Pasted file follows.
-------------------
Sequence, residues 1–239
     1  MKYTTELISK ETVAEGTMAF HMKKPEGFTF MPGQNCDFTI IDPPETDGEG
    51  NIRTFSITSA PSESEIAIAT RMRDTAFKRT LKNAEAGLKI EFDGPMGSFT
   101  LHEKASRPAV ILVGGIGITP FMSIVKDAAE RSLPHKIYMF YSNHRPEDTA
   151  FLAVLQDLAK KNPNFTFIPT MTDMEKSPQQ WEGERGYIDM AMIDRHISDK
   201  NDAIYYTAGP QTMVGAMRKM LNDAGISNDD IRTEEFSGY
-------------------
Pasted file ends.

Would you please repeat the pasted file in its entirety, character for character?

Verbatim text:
Sequence, residues 1–239
     1  MKYTTELISK ETVAEGTMAF HMKKPEGFTF MPGQNCDFTI IDPPETDGEG
    51  NIRTFSITSA PSESEIAIAT RMRDTAFKRT LKNAEAGLKI EFDGPMGSFT
   101  LHEKASRPAV ILVGGIGITP FMSIVKDAAE RSLPHKIYMF YSNHRPEDTA
   151  FLAVLQDLAK KNPNFTFIPT MTDMEKSPQQ WEGERGYIDM AMIDRHISDK
   201  NDAIYYTAGP QTMVGAMRKM LNDAGISNDD IRTEEFSGY